The Collapsing Empire, by John Scalzi (Orbit, 978-0-7653-8888-9, $25.99, hc, 333 pages) March 2017
A review by Rich Horton
Well, especially for those who have read my previous Hugo reviews this year, let’s cut right to the chase. I enjoyed The Collapsing Empire – it’s a fun book with an intriguing central premise and characters I liked to follow, and some nice action. But it’s not a great book – I don’t think it one of the ten or so best novels of the year. (It’s in the next tranche, along with the other books I reviewed to date (Raven Stratagem excepted – that’s a notch higher).) There’s no shame in that – Scalzi is a reliably enjoyable writer, and this book is no exception.
I might add that the of the four novels I’ve read from the ballot so far, three are Space Opera by my definition (The Collapsing Empire, Raven Stratagem, and Provenance), and the other (Six Wakes) is also set on a spaceship decades from Earth, though I wouldn’t quite call it Space Opera.. Indeed, we seem to be in something of a Golden Age – or perhaps Silver Age – of Space Opera – the Philip K. Dick Award shortlist included another couple of Space Operas: Alastair Reynolds’ Revenger and Tim Pratt’s The Wrong Stars (with Martha Wells’ All Systems Red sort of Space Opera-adjacent). (No Space Opera on the Nebula shortlist, though!)
(Neither of the two books I have yet to read from the Hugo Ballot are Space Opera, however.)
The Collapsing Empire is set in a future interstellar human society, the Interdependency, in which the inhabited planets are linked by “the Flow” – that is, the familiar wormhole-type shortcuts between star systems. But, we soon learn, the Flow is beginning to collapse. (Hence the title!)
The story follows three people primarily. Cardenia Wu-Patrick is the new Emperox of the Interdependency, as her father dies at the beginning of the book. She has a few problems – she’s inexperienced (even more so than most new Emperoxes (Emperoxi? Emperoux?), she needs to consider marriage and the most politically advantageous men and women candidates are assholes, and, of course, as she soon hears, the Flow might be collapsing. But, luckily, she has the memories and simulated personalities of all the previous 86 Emperoxes to consult.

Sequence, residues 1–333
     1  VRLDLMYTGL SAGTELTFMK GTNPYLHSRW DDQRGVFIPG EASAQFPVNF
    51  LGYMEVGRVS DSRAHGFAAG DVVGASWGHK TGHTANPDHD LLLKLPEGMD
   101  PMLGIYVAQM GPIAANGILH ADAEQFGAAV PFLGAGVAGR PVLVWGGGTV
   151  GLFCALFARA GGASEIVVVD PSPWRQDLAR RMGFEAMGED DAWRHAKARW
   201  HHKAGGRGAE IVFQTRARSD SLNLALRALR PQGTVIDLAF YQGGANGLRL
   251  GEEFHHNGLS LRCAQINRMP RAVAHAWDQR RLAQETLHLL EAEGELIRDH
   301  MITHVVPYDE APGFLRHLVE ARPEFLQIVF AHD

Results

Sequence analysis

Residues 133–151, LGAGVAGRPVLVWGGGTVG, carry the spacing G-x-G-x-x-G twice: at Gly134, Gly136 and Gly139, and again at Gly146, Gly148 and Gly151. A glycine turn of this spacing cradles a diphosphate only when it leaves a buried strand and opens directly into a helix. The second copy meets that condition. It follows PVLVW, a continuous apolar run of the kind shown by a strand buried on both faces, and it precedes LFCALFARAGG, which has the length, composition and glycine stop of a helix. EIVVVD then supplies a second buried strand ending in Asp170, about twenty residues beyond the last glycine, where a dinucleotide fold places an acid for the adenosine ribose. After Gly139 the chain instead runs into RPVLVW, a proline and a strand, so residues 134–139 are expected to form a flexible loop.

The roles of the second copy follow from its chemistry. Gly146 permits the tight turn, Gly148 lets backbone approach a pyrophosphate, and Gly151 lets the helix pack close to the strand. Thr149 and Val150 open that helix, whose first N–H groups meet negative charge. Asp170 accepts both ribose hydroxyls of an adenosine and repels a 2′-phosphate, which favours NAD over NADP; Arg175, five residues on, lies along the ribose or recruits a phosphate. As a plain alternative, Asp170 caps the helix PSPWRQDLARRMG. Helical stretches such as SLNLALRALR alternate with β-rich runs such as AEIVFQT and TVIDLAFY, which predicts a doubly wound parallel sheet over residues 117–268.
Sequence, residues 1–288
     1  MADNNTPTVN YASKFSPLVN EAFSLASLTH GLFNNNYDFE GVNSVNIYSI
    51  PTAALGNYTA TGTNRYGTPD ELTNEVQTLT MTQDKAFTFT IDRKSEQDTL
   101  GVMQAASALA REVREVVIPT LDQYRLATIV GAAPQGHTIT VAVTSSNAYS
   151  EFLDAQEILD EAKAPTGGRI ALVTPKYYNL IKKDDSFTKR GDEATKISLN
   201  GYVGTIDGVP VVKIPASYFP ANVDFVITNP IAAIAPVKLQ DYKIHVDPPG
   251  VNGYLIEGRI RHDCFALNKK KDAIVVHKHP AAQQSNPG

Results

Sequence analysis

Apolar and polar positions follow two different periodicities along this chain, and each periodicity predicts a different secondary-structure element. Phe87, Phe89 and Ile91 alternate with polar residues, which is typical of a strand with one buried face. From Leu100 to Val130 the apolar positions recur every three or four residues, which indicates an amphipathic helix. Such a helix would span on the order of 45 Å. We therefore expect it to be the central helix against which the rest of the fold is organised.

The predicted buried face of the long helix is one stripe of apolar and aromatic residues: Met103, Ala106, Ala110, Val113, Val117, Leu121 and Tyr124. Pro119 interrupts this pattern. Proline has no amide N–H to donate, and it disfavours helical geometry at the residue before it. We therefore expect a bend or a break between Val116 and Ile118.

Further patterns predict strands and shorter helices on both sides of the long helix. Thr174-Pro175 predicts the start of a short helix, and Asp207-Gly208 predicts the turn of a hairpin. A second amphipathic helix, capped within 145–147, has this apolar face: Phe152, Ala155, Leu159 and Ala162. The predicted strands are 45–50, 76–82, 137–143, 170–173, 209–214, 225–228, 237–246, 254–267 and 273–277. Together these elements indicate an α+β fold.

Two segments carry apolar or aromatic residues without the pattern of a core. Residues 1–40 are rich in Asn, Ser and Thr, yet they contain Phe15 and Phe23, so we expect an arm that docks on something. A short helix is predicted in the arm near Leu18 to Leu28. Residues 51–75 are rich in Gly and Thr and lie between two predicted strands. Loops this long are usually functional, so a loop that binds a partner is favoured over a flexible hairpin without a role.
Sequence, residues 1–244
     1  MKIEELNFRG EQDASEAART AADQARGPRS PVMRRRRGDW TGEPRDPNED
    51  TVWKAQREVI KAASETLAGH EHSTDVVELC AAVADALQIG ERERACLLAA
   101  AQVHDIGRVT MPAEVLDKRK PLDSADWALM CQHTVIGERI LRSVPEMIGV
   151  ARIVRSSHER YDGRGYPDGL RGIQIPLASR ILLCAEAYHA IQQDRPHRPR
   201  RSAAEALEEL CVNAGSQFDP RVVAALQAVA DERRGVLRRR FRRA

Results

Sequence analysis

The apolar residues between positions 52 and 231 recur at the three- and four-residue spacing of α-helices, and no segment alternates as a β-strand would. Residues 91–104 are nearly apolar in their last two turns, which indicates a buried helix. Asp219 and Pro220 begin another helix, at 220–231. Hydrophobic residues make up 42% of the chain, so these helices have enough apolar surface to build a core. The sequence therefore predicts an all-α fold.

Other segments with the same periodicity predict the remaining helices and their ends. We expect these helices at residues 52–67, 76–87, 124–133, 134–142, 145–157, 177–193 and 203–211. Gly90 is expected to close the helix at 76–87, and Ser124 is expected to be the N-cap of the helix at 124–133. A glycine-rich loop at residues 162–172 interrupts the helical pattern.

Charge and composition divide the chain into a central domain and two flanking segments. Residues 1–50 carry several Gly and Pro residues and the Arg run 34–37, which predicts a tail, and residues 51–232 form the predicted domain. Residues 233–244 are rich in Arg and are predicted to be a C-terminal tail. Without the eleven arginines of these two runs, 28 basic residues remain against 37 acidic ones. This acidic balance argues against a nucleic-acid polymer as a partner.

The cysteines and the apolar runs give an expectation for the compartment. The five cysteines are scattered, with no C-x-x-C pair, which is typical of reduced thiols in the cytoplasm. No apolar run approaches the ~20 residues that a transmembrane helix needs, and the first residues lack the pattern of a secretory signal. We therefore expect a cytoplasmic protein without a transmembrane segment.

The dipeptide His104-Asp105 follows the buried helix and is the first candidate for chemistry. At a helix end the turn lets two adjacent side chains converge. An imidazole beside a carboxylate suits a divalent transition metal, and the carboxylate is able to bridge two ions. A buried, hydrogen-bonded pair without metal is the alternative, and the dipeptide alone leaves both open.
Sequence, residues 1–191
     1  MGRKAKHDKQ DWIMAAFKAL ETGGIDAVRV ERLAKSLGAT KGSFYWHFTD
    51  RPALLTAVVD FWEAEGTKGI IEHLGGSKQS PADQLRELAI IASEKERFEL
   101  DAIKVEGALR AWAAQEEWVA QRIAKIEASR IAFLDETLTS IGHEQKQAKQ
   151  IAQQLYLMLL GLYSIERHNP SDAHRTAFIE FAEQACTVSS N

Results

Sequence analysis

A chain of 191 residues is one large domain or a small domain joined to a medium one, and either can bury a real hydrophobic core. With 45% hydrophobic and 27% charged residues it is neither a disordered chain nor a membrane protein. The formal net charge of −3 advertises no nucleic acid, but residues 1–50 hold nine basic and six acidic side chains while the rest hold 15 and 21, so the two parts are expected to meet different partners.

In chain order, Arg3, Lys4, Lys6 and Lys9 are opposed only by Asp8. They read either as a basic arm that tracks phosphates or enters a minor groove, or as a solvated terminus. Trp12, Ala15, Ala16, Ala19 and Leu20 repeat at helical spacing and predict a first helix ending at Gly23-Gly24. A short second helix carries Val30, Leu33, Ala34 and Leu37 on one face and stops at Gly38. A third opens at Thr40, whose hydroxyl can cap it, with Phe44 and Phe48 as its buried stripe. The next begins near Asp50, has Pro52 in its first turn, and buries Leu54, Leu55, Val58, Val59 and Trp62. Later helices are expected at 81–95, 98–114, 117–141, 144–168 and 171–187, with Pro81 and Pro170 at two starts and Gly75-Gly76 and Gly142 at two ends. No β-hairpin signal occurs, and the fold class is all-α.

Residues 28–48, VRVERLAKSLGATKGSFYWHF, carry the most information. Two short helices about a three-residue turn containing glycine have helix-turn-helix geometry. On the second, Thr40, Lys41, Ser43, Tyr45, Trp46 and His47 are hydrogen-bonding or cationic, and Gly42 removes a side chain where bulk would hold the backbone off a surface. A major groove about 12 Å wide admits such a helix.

Kiva Lagos is a noblewoman acting as Owner’s Representative for the House of Lagos as they deliver a shipment of fruit to End, the most isolated of the Interdepency’s planets – at least with the current configuration of the Flow. However, End is undergoing a revolution, and Kiva’s shipment is impounded – obviously on the orders of the Duke, who is actually being advised by a member of the family of assholes Cardenia is dealing with.
The third POV character is Marce Claremont. He’s a Professor of Astronomy on End, stuck there because his father discovered evidence that the Flow was likely to collapse, which got him ennobled – and more or less exile to End. Now that it’s truly clear that the Flow is ending, the Count decides to sends his son back to the ruling planet to advise the new Emperox – but this is not easy because of the political situation on End.
What follows is, really, mostly setup for the following books in this series. And not bad setup – not bad at all. I’ll certainly be reading the rest of the series. This book features lots of action – assassination attempts on Cardenia, derring do in sneaking Marce onto a starship, and plenty of peril on the starship itself, and a whole lot of twisty and nasty political maneuvering. Fine fun work. And the rest of the series has a chance to be even better. This book isn’t bad at all, but it’s not, in my view, Hugo-worthy. (For one thing, fun as it is, it doesn’t really do anything new. That’s not exactly a complaint – it’s a nice variation on a number of familiar themes. But for a Hugo I would like a bit more.)